What is a cookie? A cookie is a tiny text file that is stored by a web browser with a unique ID tag. They are created when you visit a website that uses cookies, primarily to aid in the user experience. For example, it may remember your registered login name, your theme selection, and other custom preferences. But cookies have historically been used as the mechanism for online user tracking and can also be used to track your movements on a website and the activities that you take while visiting. The website often stores a corresponding file to the one set in the browser (and tied by the unique ID) to keep information on your movements, actions and any data you may have given while visiting the website, such as your email address.  

The Internet was built on open standards (think HTTP, SMTP) just like other technologies such as GPS or WiFi. For many years, cookies were the only way to recognize a user since it was the only capability built into all browsers. But now we are seeing the cookie disappear faster than your favorite Avenger in Infinity Wars. The old reliable cookie has finally been exposed as antiquated and insufficient for modern times and needs. We have seen our media consumption shift towards mobile devices, users delete cookies at higher rates, and the privacy push to protect user data through modern regulations. The very browsers, where the cookie originated, are themselves continuing to push for more and more privacy controls and it is clear that the industry’s dependence on the cookie will end. Some key activities over the last two years that signal this change include:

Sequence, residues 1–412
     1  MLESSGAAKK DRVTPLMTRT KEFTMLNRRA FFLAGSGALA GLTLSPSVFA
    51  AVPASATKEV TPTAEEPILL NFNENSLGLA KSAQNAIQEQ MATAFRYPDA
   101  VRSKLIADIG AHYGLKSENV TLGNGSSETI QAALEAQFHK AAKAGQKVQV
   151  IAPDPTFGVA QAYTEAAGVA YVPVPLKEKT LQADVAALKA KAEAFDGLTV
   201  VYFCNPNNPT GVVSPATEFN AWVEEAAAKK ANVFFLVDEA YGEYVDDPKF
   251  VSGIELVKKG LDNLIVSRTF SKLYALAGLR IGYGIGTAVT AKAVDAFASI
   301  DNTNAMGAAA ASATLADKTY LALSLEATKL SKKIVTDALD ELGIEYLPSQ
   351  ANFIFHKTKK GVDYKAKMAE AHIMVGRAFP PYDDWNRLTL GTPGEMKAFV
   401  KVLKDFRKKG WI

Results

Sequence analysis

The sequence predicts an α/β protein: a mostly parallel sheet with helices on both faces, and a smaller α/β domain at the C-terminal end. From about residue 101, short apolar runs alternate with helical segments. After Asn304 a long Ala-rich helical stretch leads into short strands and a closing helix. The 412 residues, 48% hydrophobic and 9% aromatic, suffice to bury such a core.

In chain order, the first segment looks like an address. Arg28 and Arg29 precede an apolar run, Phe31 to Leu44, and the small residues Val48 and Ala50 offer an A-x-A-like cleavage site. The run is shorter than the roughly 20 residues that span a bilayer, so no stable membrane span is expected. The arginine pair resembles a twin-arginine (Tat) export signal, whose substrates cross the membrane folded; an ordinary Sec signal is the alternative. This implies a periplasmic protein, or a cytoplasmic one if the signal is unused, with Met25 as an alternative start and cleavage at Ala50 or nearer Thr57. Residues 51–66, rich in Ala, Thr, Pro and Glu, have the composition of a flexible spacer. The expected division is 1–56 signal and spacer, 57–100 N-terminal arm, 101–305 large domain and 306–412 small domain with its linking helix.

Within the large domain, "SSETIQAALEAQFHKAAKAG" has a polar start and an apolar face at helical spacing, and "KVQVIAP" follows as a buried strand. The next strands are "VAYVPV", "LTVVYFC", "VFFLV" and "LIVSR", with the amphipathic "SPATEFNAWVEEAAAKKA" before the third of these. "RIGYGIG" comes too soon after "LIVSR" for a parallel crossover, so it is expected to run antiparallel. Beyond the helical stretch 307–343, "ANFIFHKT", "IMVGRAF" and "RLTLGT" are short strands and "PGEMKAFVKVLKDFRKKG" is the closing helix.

• The EU’s privacy regulations (GDPR)
  • California’s Consumer Privacy Act (CCPA), plus many states following suit
  • Google’s removal of the DoubleClick ID (now the Google ID) from its log files
  • Chrome will no longer allow third-party cookies (beginning in 2022)
  • Apple's Intelligent Tracking Prevention (ITP 2.2)

That said, there is a need for smarter data management and user control over their data in a way that the consumer chooses. While there are many negative applications of data abuse, it must also be noted that most consumers do want the brands they love to know them better and provide more personalized experiences. Users also want less frequent, but more relevant ads that provide a better user experience. The truth is, that to provide the right customer experience, there needs to be a unified industry mechanism for tracking and managing user data. If there are dozens of partitioned walled gardens, none of which know the frequency of ad delivery to a consumer, how then do you ensure a consumer doesn’t get bombarded with dozens of ads from the same brand every day? That’s a poor user experience, an inefficient use of media dollars, and could even have damaging branding implications. In addition to frequency capping challenges, retargeting goes away, conversion exclusions disappear (so users will see ads for things they just purchased), behavioral based contextual targeting becomes more difficult, as does the ability to track view-based activities.

The other challenge for marketers is that the partitioning of data also makes the ability to track, measure and attribute media impacts much more difficult. Until there is a new industry standard which offers a more reliable and consistent approach to measurement (which is being worked on by the IAB, 4As and ANA under Project Re-arc) and ideally user level conversion attribution, marketers will need to turn back to some traditional media measurement approaches that were historically leveraged. Here are a few methods for your consideration:

  1. Marketing Mix Modeling
  2. Attribution Analysis
  3. Brand Studies
  4. Local Market Testing

At Stella Rising, we provide best-in-class measurement solutions in the changing face of a cross-device and soon to be cookieless world. Need help navigating your measurement challenges? Connect with us.